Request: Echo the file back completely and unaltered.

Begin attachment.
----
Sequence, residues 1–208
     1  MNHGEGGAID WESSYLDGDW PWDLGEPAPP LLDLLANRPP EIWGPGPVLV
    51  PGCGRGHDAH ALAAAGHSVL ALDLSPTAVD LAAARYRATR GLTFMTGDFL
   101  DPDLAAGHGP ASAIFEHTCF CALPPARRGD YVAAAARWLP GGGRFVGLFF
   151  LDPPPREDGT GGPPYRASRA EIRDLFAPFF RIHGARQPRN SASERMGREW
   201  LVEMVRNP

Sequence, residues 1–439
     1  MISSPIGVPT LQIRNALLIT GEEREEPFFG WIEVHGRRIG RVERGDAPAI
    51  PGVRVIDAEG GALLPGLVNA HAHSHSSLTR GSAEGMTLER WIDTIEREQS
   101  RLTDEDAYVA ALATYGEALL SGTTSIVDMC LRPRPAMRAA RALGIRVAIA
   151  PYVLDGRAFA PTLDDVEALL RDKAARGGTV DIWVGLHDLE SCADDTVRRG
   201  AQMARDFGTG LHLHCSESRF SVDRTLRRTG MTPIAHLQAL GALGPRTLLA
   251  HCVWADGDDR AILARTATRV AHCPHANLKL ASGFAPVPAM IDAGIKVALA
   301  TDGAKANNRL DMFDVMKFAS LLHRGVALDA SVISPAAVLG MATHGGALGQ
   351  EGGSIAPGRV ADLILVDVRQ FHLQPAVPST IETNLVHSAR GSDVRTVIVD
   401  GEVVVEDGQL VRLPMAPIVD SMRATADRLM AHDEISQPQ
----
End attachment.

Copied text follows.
Sequence, residues 1–208
     1  MNHGEGGAID WESSYLDGDW PWDLGEPAPP LLDLLANRPP EIWGPGPVLV
    51  PGCGRGHDAH ALAAAGHSVL ALDLSPTAVD LAAARYRATR GLTFMTGDFL
   101  DPDLAAGHGP ASAIFEHTCF CALPPARRGD YVAAAARWLP GGGRFVGLFF
   151  LDPPPREDGT GGPPYRASRA EIRDLFAPFF RIHGARQPRN SASERMGREW
   201  LVEMVRNP

Sequence, residues 1–439
     1  MISSPIGVPT LQIRNALLIT GEEREEPFFG WIEVHGRRIG RVERGDAPAI
    51  PGVRVIDAEG GALLPGLVNA HAHSHSSLTR GSAEGMTLER WIDTIEREQS
   101  RLTDEDAYVA ALATYGEALL SGTTSIVDMC LRPRPAMRAA RALGIRVAIA
   151  PYVLDGRAFA PTLDDVEALL RDKAARGGTV DIWVGLHDLE SCADDTVRRG
   201  AQMARDFGTG LHLHCSESRF SVDRTLRRTG MTPIAHLQAL GALGPRTLLA
   251  HCVWADGDDR AILARTATRV AHCPHANLKL ASGFAPVPAM IDAGIKVALA
   301  TDGAKANNRL DMFDVMKFAS LLHRGVALDA SVISPAAVLG MATHGGALGQ
   351  EGGSIAPGRV ADLILVDVRQ FHLQPAVPST IETNLVHSAR GSDVRTVIVD
   401  GEVVVEDGQL VRLPMAPIVD SMRATADRLM AHDEISQPQ